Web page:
Using the normalized mapping counts, we calculated Shannon's diversity index (42), Simpson's diversity index (43), richness (number of OTUs detected), and Pielou's evenness (44) for LT samples, and we ranked samples for each index and signature gene group (Fig. 1). We also developed richness and dominance estimates based on our data. For one estimate, we divided the total number of genes (30,525 genes) by the average number of predicted genes (74 genes) in the seven viral genomes from our previous work (17). To generate the richness values in Table 1, we multiplied the number of methyltransferases in each sample by 7/6, based on the representation of methyltransferases in the seven previously reported genomes. That calculation was also applied to all methyltransferases in the data set to predict total richness across samples. Those calculations were not applied to any of the other signature gene groups because of the relatively low representation (or nondetection) of the other groups in the seven sequenced LT genomes, preventing normalization according to genomic representation. On the basis of the relative abundance of each methyltransferase gene within each sample, we also estimated the percent abundance of the most dominant OTU and the number of populations at 0.1% abundance or higher in each sample (Table 1).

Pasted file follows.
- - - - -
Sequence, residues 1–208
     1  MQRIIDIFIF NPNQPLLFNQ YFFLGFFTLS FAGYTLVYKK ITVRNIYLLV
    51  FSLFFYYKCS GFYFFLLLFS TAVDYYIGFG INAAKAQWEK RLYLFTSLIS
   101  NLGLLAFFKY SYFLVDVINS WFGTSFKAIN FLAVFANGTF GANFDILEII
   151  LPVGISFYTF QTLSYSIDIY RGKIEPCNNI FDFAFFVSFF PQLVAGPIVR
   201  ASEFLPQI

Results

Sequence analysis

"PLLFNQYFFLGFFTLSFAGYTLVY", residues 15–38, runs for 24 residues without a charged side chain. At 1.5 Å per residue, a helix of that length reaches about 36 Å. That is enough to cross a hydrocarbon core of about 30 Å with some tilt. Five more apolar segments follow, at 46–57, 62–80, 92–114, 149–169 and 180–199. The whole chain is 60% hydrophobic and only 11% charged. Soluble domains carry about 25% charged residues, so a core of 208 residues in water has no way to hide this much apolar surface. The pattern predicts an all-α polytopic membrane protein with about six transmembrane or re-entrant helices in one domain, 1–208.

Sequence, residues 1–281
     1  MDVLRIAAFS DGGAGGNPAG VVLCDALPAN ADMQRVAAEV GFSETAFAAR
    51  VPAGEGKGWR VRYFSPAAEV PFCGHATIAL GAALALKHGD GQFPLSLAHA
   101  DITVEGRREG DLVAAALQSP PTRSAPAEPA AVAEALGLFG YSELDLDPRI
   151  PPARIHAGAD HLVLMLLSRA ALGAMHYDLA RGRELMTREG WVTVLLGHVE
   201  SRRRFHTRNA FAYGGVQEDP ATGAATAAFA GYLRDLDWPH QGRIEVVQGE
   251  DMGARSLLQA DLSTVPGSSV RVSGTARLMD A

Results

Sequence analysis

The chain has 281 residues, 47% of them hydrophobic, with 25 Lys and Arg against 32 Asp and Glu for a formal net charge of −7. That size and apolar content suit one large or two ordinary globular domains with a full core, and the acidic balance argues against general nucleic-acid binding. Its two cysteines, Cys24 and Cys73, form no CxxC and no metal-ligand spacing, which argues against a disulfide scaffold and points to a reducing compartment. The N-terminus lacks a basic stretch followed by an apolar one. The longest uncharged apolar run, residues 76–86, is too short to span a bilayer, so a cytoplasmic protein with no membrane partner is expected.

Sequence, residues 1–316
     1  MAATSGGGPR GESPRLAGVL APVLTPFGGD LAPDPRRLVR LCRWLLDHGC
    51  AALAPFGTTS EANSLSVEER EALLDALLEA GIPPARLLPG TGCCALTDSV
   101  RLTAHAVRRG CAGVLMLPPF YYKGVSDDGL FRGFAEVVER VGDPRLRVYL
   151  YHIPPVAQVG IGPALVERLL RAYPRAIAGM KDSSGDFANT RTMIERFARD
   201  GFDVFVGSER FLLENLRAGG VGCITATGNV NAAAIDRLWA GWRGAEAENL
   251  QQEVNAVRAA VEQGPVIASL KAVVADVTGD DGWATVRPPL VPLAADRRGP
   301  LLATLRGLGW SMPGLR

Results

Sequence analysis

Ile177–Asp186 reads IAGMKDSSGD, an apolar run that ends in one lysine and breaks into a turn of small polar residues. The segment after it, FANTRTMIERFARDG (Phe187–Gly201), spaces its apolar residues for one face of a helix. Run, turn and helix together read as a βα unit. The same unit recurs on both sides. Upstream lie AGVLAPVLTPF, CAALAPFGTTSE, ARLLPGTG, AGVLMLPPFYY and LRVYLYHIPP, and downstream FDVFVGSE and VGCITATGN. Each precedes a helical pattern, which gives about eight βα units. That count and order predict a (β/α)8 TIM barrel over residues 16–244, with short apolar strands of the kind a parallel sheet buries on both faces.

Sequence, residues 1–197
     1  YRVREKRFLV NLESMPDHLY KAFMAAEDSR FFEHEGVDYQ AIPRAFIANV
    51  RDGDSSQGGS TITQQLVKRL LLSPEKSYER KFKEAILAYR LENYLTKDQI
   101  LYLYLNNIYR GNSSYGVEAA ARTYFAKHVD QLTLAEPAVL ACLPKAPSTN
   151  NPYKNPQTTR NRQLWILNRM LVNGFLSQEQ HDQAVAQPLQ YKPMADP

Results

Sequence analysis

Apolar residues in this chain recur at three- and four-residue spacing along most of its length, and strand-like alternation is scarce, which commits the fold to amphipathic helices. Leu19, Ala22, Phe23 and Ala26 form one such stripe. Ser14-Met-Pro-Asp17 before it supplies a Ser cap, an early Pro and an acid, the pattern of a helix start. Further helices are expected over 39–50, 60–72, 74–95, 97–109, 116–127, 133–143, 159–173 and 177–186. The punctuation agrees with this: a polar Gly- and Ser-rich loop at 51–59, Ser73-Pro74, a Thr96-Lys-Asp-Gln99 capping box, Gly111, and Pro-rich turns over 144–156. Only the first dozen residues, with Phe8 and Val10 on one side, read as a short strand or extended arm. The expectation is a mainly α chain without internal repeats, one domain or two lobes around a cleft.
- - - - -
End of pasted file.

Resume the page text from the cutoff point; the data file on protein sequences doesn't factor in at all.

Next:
We correlated LT viral assemblage structures with environmental parameters (temperature, total dissolved solids, pH, and solution chemistry; see Table 1 and previously reported geochemical data ). 2009B is a pool of DNA from three samples collected on the same day, so we used the average of three measurements for each environmental variable for that sample. Using normalized mapping counts for each viral OTU, we used the bioenv function (33) to do the following: (i) calculate a Bray-Curtis community dissimilarity matrix, (ii) select all possible combinations of up to 6 subsets of the 13 environmental variables, (iii) calculate a Euclidean distance matrix for each subset of environmental variables across samples, and (iv) use Spearman correlations to identify the subset of environmental variables with the best rank correlation with the viral community dissimilarity matrix. To generate P values, we tested 1,000 permutations of the distance matrix for environmental data, using the mantel function (33).
Methyltransferases were the most abundant annotation in the data set, and glucanases, predicted to be involved in archaeal host cell recognition (39), were also relatively abundant (Fig. 2). Integrases, which are common markers for temperate viruses, were relatively rare (0.02% of LT viral concentrate reads mapped to integrases). Of the 11 largest protein clusters, 10 are of unknown function (Table 2). However, only one large cluster had no match in the GenBank nr database. Nine had highly significant BLAST hits to proteins of unknown function predicted from other hypersaline systems, and one is a putative terminase with significant BLAST hits to terminases from five different haloviruses from Spain (45).